THAT Wales were disappointed with a consolation bonus point at Twickenham shows how well the 'fringe' players have fared in the Six Nations.

That Wales headed back over the Severn Bridge with the frustration of a TMO shocker and a try-saving wonder tackle shows how close they came to upsetting the odds against the champions. Those moments didn't decide the game but they shaped the ending.

The championship fallow weeks give time for reflection and recuperation and the Vale Resort should be a pretty content place this week, although the management will ensure the pats on backs are kept to a minimum ahead of Dublin in round three.

Warren Gatland headed into the tournament hindered by a lengthy list of absentees that had some tipping Scotland in Cardiff and a romp by an England side who haven't lost on English soil under Eddie Jones.

Instead Wales are sat on six points and if they can produce a third strong performance on the spin then it's possible that they can upset Ireland and stay right in the mix for the cup, ready to pounce should England slip up.

The head coach has learnt a great deal about some unfancied players with flankers Aaron Shingler and Josh Navidi standing tall in the absence of the injured Sam Warburton, Taulupe Faletau and Dan Lydiate and justifying the decision to leave Justin Tipuric on the bench.

Cory Hill has grown on the Test stage as Alun Wyn Jones' second row partner and crucially backed up a big display against the Scots in arguably the toughest place for an international second row.

The Dragons skipper was up against Maro Itoje and Joe Launchbury with Courtney Lawes in the back row and George Kruis on the bench yet the lineout caller ensured the set piece went pretty well while he grafted incredibly hard around the pitch to be second only to Navidi in the tackle charts.

Rhys Patchell didn't quite fare so well at fly-half under the heat of England in London but Gareth Anscombe, a Friday call-up for Leigh Halfpenny, was good at full-back and even better when he moved to 10. Perhaps the Cardiff Blues man will be the playmaker in Ireland.

Wingers Steff Evans and Josh Adams have been exposed to more intense Test rugby and will be better for the experience even if Liam Williams and George North come back for Dublin.

But more importantly the evolution of Wales' style of rugby has continued in rounds one and two despite the glut of injuries; it needs to be the same at the Aviva Stadium and in Cardiff against Italy and France.

Grim conditions meant there were too many inaccuracies at Twickenham but there was the intent to stretch their hosts, who tired after a six-day turnaround.

That was especially the case in the closing stages when Shingler and Anscombe became more prominent, perhaps little busts would have been finished had the ball not been so greasy.

What hurt Wales was their failure to do the basics as well as England – the side that used to rule the skies with Dan Biggar, Jamie Roberts and Halfpenny prominent lost the aerial battle.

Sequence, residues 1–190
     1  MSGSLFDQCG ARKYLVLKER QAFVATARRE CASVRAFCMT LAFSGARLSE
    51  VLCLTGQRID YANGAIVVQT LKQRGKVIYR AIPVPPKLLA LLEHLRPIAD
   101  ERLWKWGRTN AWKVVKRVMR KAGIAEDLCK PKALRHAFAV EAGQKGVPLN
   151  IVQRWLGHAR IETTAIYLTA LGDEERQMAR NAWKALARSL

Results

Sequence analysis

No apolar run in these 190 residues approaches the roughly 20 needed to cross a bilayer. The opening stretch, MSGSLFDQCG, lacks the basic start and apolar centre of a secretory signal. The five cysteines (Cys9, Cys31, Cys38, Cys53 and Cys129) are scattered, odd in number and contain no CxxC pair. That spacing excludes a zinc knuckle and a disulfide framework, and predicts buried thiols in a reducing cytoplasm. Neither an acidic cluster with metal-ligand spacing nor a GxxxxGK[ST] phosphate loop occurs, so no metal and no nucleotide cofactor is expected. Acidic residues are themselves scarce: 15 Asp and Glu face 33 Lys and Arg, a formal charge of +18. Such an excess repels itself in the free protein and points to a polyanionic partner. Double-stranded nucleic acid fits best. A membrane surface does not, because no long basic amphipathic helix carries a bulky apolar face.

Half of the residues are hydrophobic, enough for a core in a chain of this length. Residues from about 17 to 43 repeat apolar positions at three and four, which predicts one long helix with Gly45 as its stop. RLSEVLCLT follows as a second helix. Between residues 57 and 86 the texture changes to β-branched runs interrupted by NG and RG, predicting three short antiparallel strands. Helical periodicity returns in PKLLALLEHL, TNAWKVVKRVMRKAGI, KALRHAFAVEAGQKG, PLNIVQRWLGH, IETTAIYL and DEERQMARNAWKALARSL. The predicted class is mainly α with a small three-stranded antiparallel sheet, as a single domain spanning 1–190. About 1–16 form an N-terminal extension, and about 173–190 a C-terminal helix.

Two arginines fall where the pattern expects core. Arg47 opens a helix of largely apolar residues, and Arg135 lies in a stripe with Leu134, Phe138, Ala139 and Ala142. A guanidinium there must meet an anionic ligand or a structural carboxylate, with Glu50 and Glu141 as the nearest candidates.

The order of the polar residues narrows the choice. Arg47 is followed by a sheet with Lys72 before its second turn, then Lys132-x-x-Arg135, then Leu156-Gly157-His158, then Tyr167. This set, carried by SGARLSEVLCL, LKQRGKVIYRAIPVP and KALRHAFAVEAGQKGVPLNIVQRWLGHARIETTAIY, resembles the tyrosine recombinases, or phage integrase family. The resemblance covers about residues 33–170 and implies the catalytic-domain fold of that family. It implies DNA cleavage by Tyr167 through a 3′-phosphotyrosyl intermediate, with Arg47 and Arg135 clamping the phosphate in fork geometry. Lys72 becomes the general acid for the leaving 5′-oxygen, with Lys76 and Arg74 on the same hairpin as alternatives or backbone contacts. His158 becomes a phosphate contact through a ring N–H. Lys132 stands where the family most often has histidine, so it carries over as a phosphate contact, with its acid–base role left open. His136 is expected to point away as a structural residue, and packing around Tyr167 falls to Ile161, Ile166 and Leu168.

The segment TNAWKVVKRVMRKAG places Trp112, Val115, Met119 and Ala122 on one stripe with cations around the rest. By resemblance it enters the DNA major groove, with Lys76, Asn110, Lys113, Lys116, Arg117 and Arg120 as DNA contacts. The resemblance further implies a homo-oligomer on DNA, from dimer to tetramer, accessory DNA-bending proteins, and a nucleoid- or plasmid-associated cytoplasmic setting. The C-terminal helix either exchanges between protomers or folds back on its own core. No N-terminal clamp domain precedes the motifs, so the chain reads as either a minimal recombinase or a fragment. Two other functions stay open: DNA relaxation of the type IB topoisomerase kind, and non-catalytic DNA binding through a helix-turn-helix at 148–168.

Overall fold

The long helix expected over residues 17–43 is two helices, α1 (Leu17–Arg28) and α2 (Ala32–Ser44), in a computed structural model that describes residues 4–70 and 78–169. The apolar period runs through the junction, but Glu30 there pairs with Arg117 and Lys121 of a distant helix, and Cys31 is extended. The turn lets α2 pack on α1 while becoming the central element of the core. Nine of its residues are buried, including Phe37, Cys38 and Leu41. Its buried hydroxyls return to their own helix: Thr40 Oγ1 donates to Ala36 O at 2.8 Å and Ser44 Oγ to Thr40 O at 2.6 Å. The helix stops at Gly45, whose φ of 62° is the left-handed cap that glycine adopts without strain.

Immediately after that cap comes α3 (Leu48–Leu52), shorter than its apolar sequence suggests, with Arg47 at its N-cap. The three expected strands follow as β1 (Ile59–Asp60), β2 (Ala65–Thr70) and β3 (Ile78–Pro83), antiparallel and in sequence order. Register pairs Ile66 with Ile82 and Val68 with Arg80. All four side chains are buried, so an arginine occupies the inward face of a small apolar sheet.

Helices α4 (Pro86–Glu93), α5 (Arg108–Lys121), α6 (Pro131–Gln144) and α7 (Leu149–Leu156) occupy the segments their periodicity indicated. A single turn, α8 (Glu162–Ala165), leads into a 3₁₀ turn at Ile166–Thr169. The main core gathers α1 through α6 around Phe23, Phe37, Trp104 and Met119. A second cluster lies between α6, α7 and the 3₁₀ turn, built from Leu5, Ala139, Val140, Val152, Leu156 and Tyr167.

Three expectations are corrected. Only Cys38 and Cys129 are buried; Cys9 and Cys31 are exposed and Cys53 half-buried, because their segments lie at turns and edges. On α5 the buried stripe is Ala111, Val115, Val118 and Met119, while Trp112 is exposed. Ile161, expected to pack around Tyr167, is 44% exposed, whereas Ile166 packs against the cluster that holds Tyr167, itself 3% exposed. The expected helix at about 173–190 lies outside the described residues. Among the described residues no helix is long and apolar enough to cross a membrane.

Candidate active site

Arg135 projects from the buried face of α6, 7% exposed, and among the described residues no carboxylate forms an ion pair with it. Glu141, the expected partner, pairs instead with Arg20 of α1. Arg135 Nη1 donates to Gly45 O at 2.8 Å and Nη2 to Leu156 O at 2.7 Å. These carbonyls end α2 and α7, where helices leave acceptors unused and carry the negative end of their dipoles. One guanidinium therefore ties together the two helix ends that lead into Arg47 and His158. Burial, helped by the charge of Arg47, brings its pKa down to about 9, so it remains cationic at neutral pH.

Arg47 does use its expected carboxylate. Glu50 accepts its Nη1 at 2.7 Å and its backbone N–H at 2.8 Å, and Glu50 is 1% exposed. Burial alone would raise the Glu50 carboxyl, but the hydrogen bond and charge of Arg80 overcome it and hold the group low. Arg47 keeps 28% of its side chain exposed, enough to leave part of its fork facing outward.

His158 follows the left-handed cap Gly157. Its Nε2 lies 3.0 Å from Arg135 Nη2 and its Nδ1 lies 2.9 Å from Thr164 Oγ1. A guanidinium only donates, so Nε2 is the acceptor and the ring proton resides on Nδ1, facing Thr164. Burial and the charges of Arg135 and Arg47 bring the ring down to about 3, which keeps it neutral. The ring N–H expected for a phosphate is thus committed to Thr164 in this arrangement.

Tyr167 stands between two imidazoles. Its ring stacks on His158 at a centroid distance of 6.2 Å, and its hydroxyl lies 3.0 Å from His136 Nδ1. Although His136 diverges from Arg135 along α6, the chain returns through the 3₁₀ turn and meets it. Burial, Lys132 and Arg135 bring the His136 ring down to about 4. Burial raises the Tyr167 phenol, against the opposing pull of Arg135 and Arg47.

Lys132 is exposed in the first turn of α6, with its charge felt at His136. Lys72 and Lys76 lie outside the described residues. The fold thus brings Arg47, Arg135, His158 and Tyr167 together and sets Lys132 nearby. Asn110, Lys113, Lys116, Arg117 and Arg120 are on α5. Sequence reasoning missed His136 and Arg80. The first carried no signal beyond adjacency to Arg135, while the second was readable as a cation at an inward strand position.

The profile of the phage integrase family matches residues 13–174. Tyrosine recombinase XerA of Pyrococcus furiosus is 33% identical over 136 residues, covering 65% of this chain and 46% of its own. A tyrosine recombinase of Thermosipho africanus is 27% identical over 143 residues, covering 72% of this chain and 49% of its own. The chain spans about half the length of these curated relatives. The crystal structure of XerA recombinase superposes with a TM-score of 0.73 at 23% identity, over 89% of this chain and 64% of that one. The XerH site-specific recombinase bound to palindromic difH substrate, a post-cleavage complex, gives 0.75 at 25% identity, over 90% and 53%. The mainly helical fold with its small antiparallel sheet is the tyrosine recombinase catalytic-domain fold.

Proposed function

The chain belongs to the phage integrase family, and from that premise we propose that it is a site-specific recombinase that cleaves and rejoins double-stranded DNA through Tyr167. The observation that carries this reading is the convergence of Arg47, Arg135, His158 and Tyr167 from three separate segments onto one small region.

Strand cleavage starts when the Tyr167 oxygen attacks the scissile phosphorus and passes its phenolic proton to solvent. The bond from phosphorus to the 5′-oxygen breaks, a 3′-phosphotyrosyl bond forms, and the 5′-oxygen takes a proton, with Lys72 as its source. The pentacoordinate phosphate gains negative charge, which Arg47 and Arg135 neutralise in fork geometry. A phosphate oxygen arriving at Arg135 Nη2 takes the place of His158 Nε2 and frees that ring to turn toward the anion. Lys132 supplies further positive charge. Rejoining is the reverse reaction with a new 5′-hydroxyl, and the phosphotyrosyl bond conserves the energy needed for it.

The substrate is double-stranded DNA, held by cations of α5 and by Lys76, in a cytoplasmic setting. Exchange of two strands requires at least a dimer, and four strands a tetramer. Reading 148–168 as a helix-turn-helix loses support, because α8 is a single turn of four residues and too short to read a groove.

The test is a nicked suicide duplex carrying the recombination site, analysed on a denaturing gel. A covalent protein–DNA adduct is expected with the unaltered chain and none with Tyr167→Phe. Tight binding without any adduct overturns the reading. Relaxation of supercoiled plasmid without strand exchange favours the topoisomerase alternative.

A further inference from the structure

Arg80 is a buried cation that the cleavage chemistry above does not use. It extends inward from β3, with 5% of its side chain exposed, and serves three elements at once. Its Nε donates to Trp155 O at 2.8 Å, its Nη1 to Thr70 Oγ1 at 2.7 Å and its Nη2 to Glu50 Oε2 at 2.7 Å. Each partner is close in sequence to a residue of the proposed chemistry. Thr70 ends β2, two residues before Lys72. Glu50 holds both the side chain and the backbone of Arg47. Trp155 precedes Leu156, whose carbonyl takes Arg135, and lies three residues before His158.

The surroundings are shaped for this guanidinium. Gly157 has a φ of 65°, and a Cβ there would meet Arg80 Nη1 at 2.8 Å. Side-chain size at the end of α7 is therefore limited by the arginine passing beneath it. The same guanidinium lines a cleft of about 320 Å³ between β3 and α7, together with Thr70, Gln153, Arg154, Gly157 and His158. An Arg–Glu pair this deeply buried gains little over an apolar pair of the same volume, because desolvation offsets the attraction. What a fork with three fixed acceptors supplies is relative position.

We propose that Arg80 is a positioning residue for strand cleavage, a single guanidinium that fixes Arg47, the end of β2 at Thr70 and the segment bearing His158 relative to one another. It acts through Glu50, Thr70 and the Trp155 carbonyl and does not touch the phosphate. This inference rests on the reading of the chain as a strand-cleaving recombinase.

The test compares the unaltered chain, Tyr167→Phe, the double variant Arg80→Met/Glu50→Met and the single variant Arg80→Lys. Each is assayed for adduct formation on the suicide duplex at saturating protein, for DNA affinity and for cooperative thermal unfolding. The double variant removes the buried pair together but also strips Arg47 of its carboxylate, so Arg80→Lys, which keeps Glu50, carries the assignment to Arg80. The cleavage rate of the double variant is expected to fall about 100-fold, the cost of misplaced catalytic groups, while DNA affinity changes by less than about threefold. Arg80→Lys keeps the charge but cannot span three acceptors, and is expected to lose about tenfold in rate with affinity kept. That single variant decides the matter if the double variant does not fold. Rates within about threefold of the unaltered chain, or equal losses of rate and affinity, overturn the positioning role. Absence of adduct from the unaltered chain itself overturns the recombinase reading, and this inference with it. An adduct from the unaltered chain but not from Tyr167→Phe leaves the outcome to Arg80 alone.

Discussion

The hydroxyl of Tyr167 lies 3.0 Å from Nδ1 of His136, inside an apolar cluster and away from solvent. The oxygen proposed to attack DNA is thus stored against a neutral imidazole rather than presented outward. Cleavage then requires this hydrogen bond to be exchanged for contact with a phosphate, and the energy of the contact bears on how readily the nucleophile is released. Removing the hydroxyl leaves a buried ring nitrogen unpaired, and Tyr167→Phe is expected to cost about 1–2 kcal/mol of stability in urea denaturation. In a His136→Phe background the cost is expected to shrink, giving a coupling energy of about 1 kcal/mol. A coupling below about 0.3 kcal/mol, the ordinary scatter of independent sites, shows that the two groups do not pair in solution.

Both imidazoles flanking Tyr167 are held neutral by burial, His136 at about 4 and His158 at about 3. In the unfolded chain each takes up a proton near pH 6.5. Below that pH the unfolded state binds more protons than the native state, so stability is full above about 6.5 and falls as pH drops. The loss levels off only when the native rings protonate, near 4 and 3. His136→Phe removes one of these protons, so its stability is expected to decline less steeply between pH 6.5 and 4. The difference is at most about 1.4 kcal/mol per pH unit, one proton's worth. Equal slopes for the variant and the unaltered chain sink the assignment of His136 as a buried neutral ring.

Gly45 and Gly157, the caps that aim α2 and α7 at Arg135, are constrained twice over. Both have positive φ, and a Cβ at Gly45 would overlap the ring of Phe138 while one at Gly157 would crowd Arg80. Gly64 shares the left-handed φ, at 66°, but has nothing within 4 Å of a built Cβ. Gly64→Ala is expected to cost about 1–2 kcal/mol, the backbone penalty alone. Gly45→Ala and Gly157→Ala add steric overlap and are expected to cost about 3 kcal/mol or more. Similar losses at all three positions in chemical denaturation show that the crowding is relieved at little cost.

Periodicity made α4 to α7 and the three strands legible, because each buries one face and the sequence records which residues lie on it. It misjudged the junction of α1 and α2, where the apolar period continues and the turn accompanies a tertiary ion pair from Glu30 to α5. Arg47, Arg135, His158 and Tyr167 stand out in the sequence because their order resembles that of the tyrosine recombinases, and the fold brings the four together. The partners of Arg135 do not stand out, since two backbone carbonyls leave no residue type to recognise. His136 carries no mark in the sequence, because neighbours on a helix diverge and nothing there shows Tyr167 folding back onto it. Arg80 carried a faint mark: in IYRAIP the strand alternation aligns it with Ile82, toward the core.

The English found grass too easily with their kicking game and it was a bomb that helped give them a lead to hang on to.

An early Garryowen was slapped back by wing Anthony Watson and worked to centre Owen Farrell, whose kick through was perfect for speedster Jonny May to slide, gather and dot down.

A 5-0 lead became 12-0 then they combined power, big units making big charges off 9 in the 22, with wonderful dexterity from mightily impressive lock Launchbury, who powered into Patchell and Adams before conjuring an offload for May's brace.

After 21 minutes that was the end of the English scoring, but it would prove to be enough in a breathless Test.

The first flashpoint came swiftly with the hosts conceding a penalty from the restart that Alun Wyn Jones ordered to be put in the corner.

The drive was stopped, then there was penalty advantage that saw Patchell kick to the left. The ball bounced off Steff Evans' knee and Anscombe won the race with Watson to the loose ball.

Crucially TMO Glenn Jackson saw things differently: "No try". Wales settled for a penalty and it was 12-3 rather than 12-5 or 12-7 at the break.

Canny England stayed on top after the restart but Gatland's men dug deep, combining a big work rate with remarkable discipline to keep the gap manageable.

The hope was that their fitness would tell and things may have been different were it not for former Ospreys flanker Sam Underhill denying what would have been a cracking try.

A slick move ended with Scott Williams wisely sliding towards the line only for the replacement back rower to somehow roll him into touch.

That gave England breathing space until a late Anscombe penalty but the restart after he made it 12-6 meant they were always pinned back in terrible conditions.

They tried manfully but had to settle for the bonus, left to lament a TMO who didn't deny them victory but who changed the course of the game.

England: M Brown; A Watson (J Nowell 44), J Joseph, A Farrell, J May; G Ford (B Te’o 67), D Care (R Wigglesworth 64); M Vunipola (A Hepburn 76), D Hartley (captain, J George 1-10, 51), D Cole (H Williams 64), J Launchbury (G Kruis 67), M Itoje, C Lawes, C Robshaw, S Simmonds (S Underhill 40).

Scorers: tries – J May (2); conversion – O Farrell

Wales: G Anscombe; J Adams, S Williams, H Parkes, S Evans; R Patchell (G North 55), G Davies (A Davies 65); R Evans (W Jones 57), K Owens (E Dee 64), S Lee (T Francis 57), C Hill (B Davies 73), AW Jones (captain), A Shingler, J Navidi, R Moriarty (J Tipuric 64).

Scorers: penalties – R Patchell, G Anscombe

Referee: Jerome Garces (France)